The rising cost to heat homes this chilly winter raises the question of whether or not one's dwelling is well insulated against the elements. Masatoshi Takeuchi, an architect and professor at Tohoku University of Art and Design in Yamagata answers this question.
"Among the G7 countries, Japan is the only one not imposing insulation requirements on housing construction," he tells Weekly Playboy (Feb 13). "In Asia, even South Korea and China have insulation requirements."
"Many economically advanced nations , as part of their global warming measures, are constructing housing with outstanding energy-saving and carbon-free properties," Takeuchi continues. "But Japan is way behind. It is still stuck in the energy-saving policies adopted in 1999. Which are not even mandatory. And even the insulation that clear standards suffer in comparison to countries like Germany. For a dwelling in Japan having 100 square meters, the volume of kerosene required for heating over one year is seven times that of Germany. And the majority of existing homes in Japan don't even clear the country's own standards."
In fact, points out Takeuchi, fewer than than 70% of Japanese homes conform to to the insulation standards that were applied from 1980.
Takeuchi identifies two main reasons for Japan's poor showing. "The first is the preconceived notion that Japan is a warm country... so standards have been established with this in mind. But Japan no longer has the temperate four-season climate it once did. Summers in particular are getting harsher every year, making air conditioning a necessity. In the past, a well-ventilated house was considered ideal, but nowadays you don't want to live in such a house, because at 40° C, any breeze you feel will just be hot wind.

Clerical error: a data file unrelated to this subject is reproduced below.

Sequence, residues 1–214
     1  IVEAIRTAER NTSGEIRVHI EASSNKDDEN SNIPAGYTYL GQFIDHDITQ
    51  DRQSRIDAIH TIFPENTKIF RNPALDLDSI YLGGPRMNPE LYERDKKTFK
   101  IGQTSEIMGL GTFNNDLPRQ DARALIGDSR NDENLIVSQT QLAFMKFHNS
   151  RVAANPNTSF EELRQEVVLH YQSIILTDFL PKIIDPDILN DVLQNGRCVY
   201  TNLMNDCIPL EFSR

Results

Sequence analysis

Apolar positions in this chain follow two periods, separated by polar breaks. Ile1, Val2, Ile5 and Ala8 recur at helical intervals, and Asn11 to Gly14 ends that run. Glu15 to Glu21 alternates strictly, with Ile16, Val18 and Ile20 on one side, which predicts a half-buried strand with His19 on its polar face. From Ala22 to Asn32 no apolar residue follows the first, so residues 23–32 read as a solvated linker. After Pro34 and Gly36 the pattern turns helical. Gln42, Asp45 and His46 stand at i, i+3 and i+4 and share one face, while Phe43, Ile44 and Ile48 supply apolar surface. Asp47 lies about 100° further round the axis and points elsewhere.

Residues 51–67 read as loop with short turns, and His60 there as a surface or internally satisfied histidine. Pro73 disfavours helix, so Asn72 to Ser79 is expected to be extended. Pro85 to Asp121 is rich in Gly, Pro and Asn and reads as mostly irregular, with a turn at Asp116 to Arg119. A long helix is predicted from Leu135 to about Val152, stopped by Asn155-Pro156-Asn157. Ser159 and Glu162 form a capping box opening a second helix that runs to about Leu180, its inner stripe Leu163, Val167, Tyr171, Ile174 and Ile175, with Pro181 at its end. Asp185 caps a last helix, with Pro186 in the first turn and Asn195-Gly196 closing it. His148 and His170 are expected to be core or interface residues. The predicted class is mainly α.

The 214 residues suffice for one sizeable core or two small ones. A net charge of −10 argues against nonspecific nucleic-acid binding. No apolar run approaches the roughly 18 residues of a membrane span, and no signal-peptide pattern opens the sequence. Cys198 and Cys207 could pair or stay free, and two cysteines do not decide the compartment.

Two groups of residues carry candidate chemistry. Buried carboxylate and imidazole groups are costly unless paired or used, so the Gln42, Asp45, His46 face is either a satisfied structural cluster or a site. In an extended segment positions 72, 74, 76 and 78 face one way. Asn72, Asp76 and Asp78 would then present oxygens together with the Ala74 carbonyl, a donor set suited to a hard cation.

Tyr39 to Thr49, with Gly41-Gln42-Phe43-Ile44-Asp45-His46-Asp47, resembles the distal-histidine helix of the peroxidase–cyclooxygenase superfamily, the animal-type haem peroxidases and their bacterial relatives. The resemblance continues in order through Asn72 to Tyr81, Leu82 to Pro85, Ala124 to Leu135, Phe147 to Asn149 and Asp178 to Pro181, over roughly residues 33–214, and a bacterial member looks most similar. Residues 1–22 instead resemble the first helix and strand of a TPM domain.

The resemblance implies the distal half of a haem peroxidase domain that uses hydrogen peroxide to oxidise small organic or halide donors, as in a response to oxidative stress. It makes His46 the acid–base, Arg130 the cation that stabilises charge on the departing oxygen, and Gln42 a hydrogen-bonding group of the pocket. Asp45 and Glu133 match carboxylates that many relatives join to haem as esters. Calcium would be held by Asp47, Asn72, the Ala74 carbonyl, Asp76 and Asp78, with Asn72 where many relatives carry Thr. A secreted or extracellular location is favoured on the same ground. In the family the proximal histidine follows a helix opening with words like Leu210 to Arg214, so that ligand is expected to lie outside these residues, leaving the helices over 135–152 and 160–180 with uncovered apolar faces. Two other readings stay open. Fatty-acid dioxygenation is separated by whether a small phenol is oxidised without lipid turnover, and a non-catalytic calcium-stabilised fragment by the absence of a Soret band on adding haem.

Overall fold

"The climate is changing, but the standard of house construction has not changed," he said.
The second reason is attributed to misguided views relating to housing and the economy, driven by the widespread belief that the total number of housing starts is tied to economic performance, i.e., when the economy is strong, more houses are built, and vice-versa.
"Therefore, when talk of establishing a new construction standard comes up, some people are wont to object, saying, 'Won't that hurt the economy?'" Takeuchi said. "In fact, the cabinet once did approve of implementation of mandatory standards for insulation by 2020, but the Ministry of Land, Infrastructure, Transport and Tourism strongly opposed it, claiming it would affect small- and medium-sized home builders, who 'lack experience.' The ministry's view was that if the standard were implemented, the number of construction starts would decrease, hurting economic growth."
As things currently stand, compulsory insulation requirements won't go into effect until 2025. Nevertheless, builders are installing insulation proactively and Takeuchi estimates that about 85% of single-unit houses and 70% of apartments currently being built will meet the new standards.
When the mandatory insulation standards are finally adopted, owners of existing structures are likely to become eligible for home-improvement subsidies.
Raising the quality of insulation will require 10-cm-thick glasswool insulation panels for walls and 20cm-thick panels for ceilings. Another measure is installation of double-glazed windows, with aluminum exterior and uPVC inner sashes. (Sashes composed 100% uPVC afford even better insulation, but at higher cost.)
Affordable measures like insulation-type window blinds are also readily available.
"The blinds are like wearing a down jacket, which traps heat between the body and the jacket," Takeuchi tells Weekly Playboy, adding, "Condo residents may be able to improve insulation without extensive renovations by installing a new type of inner sash. Tenants might want to discuss the matter with their landlords and offer to share the costs for installation. Chances are they'll get a favorable response."© Japan Today